Skip to content

Sh*t, that’s a lot of feedback!

Managing feedback is one of the hardest things about building a startup/ side-project.


Part 1: Context (skip to part 2 to read about the actual feedback I’m getting)

As part of Orbital NYC, I have several assignments to complete, which are intended to give me the experience/ skills needed to launch my project. One of the assignments is to set up a cold-call meeting with someone I’d like to meet. The other is to leverage my network to meet someone. See Orbital’s public syllabus for all assignments. 

In the process of scheduling meetings with strangers, I’ve had to juggle everyone’s feedback, filter the ideas that are inconsistent with my vision, while simultaneously allowing my vision to be malleable based on the great points/ ideas thrown my way.

My ‘cold calls’ were to the 5 art curators/ advisors I emailed via LinkedIn about partnering with Kollecto as Art Advisors. To my excitement, 4 out of 5 people responded with interest. I had two in-person meetings, one phone call, and one video chat. While the conversations allowed me to interview potential partners, I also got lots of feedback on my business model, intended customer experience, etc.

My second  assignment also yielded lots of feedback. Gary Chou (founder of Orbital) introduced me to Elisa Durrette, an art collector, who helped me thing through Kollecto’s value prop to collectors. It was a great chat & we were both disappointed when we had to end it after an hour.


Part 2: Sh*t, that’s a lot of feedback!

The good thing is that I’ve gotten feedback from the entire Kollecto ecosystem- galleries, collectors, & art advisors. The daunting thing is that I’ve gotten lots of (contradicting) feedback.

Here’s some of the feedback I’m getting. I’ve had to parse through all this valuable feedback to make judgment calls for myself. I put an asterisk next to the directions I’m leaning in. I’m not 100% sure I’m making the right decisions (I might regret many of them), but that’s the fun part of the iterative process.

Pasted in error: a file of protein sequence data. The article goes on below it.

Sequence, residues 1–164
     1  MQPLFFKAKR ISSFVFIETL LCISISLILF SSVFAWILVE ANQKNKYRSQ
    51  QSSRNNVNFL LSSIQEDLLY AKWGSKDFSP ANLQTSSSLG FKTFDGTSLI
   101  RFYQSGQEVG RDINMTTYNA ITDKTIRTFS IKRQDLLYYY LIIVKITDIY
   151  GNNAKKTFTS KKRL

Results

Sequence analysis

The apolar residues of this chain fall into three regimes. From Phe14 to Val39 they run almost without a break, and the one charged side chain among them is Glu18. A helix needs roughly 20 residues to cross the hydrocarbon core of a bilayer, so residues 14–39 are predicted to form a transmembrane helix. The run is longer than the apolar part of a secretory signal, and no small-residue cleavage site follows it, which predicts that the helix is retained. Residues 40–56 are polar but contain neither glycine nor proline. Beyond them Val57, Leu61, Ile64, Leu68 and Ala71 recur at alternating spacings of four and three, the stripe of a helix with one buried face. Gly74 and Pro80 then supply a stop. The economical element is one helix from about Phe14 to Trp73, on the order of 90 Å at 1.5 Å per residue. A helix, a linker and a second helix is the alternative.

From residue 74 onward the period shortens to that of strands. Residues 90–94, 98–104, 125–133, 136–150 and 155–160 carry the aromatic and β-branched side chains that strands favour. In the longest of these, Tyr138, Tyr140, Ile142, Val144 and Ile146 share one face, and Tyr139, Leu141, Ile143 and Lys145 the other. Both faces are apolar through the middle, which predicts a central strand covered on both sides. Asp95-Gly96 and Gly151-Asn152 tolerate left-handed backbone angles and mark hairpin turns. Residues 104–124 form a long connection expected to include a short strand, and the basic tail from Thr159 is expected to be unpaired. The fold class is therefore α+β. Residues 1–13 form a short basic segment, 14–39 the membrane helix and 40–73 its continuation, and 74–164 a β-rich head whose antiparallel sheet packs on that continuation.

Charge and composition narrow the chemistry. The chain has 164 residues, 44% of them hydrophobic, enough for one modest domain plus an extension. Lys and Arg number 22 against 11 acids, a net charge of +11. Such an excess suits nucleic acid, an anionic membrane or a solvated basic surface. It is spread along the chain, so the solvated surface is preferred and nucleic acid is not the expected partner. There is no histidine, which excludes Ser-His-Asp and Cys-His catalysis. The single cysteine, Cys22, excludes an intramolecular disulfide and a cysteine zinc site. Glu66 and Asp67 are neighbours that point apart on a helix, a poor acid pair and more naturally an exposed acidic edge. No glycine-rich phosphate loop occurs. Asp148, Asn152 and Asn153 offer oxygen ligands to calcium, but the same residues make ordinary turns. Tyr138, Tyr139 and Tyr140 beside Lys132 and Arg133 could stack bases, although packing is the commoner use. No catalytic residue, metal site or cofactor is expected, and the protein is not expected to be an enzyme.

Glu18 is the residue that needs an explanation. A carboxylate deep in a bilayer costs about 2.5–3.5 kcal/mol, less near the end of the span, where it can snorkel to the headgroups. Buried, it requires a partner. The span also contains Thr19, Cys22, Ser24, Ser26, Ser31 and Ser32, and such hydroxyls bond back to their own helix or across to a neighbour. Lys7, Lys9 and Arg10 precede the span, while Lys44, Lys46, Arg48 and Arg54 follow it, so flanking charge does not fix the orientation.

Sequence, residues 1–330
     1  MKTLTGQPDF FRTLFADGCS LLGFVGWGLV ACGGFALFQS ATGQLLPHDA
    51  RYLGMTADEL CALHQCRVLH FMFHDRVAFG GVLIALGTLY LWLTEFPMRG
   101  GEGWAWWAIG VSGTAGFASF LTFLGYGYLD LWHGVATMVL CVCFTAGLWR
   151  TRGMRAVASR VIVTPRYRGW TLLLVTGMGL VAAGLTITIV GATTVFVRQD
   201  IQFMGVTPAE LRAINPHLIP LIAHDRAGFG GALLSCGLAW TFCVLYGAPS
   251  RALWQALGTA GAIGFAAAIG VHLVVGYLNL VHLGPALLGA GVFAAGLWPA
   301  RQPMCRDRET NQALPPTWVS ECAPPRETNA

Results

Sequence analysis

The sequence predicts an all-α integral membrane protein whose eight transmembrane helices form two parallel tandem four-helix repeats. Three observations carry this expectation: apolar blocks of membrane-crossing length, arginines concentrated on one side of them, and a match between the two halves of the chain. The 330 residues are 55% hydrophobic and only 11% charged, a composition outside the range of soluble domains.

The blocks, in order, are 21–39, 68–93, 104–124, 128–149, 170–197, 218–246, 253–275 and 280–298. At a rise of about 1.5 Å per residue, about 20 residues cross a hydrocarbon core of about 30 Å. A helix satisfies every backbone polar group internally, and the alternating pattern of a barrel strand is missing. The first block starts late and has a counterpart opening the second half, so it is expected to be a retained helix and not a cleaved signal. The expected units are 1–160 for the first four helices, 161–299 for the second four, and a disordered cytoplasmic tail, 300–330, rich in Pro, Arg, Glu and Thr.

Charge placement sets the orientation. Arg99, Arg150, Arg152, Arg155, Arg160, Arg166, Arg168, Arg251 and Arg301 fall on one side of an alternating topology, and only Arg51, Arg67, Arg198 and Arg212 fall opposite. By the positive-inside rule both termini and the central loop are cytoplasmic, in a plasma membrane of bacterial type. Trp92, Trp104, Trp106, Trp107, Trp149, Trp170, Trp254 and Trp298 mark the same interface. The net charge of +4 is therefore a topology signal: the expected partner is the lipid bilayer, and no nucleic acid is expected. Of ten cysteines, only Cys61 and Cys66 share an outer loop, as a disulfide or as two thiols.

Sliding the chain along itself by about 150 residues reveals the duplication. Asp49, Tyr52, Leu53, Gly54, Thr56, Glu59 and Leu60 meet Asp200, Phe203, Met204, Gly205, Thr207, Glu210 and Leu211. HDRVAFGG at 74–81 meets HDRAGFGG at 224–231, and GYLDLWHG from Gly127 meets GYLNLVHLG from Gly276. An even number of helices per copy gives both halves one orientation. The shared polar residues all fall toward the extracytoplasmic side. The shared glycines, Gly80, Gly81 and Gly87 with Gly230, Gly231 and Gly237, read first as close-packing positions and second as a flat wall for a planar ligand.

Thanks for the feedback everyone. Keep it coming- I’m listening!


The Feedback

  1. Many millennial collectors won’t want in-person/ video chat contact with their art advisor. They’ll just want to communicate online (via email).
  2. Collectors will appreciate the experience more when they get personal video chat attention from their advisor or even have the option of having the advisor take them on in-person gallery visits to see the art* 


  1. Galleries will totally pay $30-$40 per month for access to Kollecto’s client list (this was feedback from a gallery)*
  2. $30-$40 is too much when galleries aren’t guaranteed sales. A commission model is better because that’s what galleries are already used to (this was also feedback from a gallery)


  1. Kollecto should offer access to its client list only to galleries. This controls quality & saves Kollecto from notoriously disorganized artists.
  2. Kollecto should offer access to client lists to both artists & galleries*


  1. Kollecto should cultivate people into art collectors. The people who spend lots of money collecting sneakers are great target markets, for example
  2. Kollecto should target people who are already collectors, but who don’t have extravagant budgets. For these people, the Kollecto Advisor is super valuable, but the monthly payment play may be less valuable* (as we grow)
  3. Kollecto should target people already interested in art, but are not yet collecting/ think they can’t afford to collect. For these people, the payment plan is very valuable*


  1. Kollecto should start small & build the service with 1-2 generalist art advisors. * (for pilot program)
  2. Kollecto should start thinking, sooner rather than later, about letting customers browse a small selection of specialized art advisors & pick one with a similar taste/expertise profile * (coming later this summer- although I might regret it)





TaraReed_ View All

Hi there- My name is Tara Reed & I’m the founder of Kollecto. I'm a non-technical founder building software without writing any code.I’m also a first-time entrepreneur who swore I'd never become an entrepreneur…Oh well, sh*t happens! :) Follow my journey as I build a cool art startup...

Leave a Reply

%d bloggers like this: